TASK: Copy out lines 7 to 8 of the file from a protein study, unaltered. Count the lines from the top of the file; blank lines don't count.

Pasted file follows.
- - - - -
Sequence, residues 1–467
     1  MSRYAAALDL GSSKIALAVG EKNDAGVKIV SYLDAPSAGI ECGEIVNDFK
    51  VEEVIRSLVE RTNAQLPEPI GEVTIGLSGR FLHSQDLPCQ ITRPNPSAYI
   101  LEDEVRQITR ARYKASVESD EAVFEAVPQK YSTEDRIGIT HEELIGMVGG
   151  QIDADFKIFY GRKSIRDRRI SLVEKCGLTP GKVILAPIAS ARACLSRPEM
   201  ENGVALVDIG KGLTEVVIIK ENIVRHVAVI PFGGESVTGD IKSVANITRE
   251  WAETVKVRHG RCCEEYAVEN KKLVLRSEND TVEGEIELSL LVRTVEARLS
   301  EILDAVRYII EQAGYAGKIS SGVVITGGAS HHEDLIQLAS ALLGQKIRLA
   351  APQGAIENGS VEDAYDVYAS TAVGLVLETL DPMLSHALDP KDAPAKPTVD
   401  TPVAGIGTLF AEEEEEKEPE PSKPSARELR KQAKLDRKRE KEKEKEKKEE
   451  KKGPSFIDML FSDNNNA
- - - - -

   251  WAETVKVRHG RCCEEYAVEN KKLVLRSEND TVEGEIELSL LVRTVEARLS
   301  EILDAVRYII EQAGYAGKIS SGVVITGGAS HHEDLIQLAS ALLGQKIRLA